Despite only being a small country (roughly – and fittingly – equivalent in size to 2 million rugby pitches) Wales packs a lot into a small area, including picturesque mountain ranges, lush valleys and rugged coastline.
The country is home to a wealth of natural attractions, including Mt Snowdon - the tallest summit in the United Kingdom outside of the Scottish Highlands - located within the picturesque Snowdonia National Park in North Wales, and the mountainous Brecon Beacons National Park, another popular stop on many Wales tours.
The country is also home to fantastic sandy beaches. Near Swansea is the Gower Peninsula, an idyllic, coastal stretch of land that was designated the UK’s first Area of Outstanding Natural Beauty in 1956. To the west of the Gower is the Pembrokeshire Coast National Park, an impressive, unspoiled stretch of coastline that is the third of Wales’ three national parks.
Although rightly famous for its outstanding natural beauty, a Wales vacation offers a lot more to visitors, including compelling culture and medieval castles. In fact, there are over 600 castles in Wales, more per square mile than any other country in the world! From coastal paths to ancient history, our Wales holidays are perfect for those wanting to enjoy the natural wonders close to home.
With so much on offer in Wales, how do you decide what to see? Here's where to begin.
Things to see and places to visit on your escorted tour of Wales
From boat rides cutting through verdant green landscapes and trails past ancient castles, Wales is full of promise.
Wales is home to a rich, traditional spread of dishes, many of which involve lamb. One of the most popular lamb dishes is Cawl: a hearty slow-cooked broth made with root vegetables and either lamb or bacon. But the country's most famous dish is the Welsh rarebit. While the name ‘rarebit’ derives from rabbit, the dish is in fact a deluxe iteration of cheese on toast: a rich, cheesy roux with mustard is poured over hot bread. You can't go wrong.
Vegetarian visitors will be happy to know that one of Wales' most popular dishes - the Glamorgan sausage - is actually meat free. It is made from cheese, breadcrumbs and one of the country's favourite ingredients, leeks.
Be inspired to travel solo. Newmarket Holidays welcomes solo travellers on all our group tours. In fact, many of our customers choose to join our tours on their own. And the best part is: you won’t really be alone. With a group of like-minded travellers and a friendly, informative tour manager (as well as incredible locals all over the world!), you will love your holiday experience. Joining a tour as a solo traveller is also a guaranteed way to feel safe and confident when travelling alone. While you can join any of our regular tours on your own, we also have a range of tours designed exclusively for solo travellers.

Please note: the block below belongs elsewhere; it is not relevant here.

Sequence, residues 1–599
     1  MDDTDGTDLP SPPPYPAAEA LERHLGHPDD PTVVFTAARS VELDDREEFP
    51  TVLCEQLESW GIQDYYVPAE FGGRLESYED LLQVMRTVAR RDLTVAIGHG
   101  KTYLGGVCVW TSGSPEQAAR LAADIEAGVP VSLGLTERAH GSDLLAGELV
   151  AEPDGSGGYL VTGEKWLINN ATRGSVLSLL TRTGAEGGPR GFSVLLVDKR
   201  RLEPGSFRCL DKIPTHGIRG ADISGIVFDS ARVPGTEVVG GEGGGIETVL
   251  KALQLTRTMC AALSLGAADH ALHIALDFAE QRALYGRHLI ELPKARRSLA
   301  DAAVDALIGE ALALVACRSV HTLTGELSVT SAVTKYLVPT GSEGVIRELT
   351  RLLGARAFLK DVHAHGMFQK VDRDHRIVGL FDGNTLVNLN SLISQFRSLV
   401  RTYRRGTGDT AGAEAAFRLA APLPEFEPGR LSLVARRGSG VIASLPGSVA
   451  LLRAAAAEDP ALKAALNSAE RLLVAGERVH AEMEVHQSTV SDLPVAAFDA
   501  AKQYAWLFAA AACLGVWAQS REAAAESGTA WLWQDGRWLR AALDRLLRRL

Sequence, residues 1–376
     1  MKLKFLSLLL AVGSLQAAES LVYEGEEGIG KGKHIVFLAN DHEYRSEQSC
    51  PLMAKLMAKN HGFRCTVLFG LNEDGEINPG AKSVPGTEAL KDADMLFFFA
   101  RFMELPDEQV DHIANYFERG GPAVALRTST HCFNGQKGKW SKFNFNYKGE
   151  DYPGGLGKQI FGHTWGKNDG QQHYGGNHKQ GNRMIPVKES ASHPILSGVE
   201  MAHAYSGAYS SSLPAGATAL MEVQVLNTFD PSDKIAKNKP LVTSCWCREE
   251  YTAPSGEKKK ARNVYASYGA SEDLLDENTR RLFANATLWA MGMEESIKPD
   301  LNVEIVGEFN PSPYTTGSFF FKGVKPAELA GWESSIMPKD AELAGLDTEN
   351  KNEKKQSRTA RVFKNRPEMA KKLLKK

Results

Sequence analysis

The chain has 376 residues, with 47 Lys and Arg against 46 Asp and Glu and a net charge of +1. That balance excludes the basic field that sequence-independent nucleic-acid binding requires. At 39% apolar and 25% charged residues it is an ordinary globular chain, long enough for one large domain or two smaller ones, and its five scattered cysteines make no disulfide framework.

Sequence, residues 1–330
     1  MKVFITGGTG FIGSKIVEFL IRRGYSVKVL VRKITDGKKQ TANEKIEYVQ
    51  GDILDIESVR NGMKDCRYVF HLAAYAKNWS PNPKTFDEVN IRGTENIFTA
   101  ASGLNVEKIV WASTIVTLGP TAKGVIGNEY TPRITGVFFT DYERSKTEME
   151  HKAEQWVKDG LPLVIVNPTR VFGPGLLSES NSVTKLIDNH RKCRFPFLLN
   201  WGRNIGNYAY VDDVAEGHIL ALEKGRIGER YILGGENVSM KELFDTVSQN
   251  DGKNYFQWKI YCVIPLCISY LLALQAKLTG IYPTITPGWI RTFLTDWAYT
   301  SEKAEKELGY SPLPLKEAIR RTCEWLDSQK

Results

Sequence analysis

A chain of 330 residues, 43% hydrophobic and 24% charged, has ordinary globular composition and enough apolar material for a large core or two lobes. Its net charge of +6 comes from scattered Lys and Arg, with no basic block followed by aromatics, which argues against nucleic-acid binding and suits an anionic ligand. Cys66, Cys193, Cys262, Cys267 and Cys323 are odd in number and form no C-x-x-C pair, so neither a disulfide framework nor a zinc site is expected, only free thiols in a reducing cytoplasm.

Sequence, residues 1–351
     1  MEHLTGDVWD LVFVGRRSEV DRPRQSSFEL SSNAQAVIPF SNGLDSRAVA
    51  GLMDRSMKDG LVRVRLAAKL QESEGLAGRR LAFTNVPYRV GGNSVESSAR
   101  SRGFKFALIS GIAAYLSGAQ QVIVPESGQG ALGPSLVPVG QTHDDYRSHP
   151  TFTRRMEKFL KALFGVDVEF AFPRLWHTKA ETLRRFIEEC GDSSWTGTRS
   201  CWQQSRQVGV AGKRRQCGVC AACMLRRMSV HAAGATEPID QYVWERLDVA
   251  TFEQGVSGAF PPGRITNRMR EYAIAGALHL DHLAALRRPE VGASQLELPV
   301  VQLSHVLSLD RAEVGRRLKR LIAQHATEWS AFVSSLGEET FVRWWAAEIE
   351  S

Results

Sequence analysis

First holiday in Wales? Here are a few questions you might have.
Wales isn't famous for its sunny climate, and tends to experience more than its fair share of rainfall. The driest time of the year to visit is between April and August, but just don’t expect glorious sunshine! Go in spring to see the flowers – including the iconic daffodil – in colourful bloom.
Wales is famous for its outstanding natural beauty. Some of the country's most visited natural sites include the Brecon Beacons, Snowdonia National Park, the Gower Peninsula, and the Pembrokeshire Coast National Park.
There are more than 600 castles in Wales - more per square mile than any other country on earth! In the north, there are a series of castles and fortifications that were built as part of Edward I's campaign to conquer Wales in the 13th and 14th centuries, including the castles at Conwy, Beaumaris and Caernarfon.
Capital city Cardiff is home to perhaps the country's most recognisable castle, an 11th-century Gothic Revival masterpiece that looms over the city centre.
There are plenty of coastal and inland paths and footpaths, making Wales very popular with walkers and hikers of all ages and abilities.
Wales is officially listed as a bilingual country. Practically everyone speaks English though, whilst around 25% of the population speak Welsh, a survivor of the ancient Celtic languages: road signs contain both Welsh and the English translation.
Perhaps the most famous Welsh dish is the Welsh rarebit. The name ‘rarebit’ derives from rabbit, and is a little misleading as the dish does not contain any rabbit. Welsh rarebit is in fact a deluxe iteration of cheese on toast: a rich, cheesy roux with mustard is poured over hot bread – delicious!
Lamb is also very popular in Wales, especially in the form of lamb cawl, which is a slow-cooked broth made with leek and lamb. Leeks are also enjoyed in many forms throughout the country, including quiche and soup.
Generally speaking, Wales is slightly cheaper to visit than England or Scotland, although prices do vary throughout the country.
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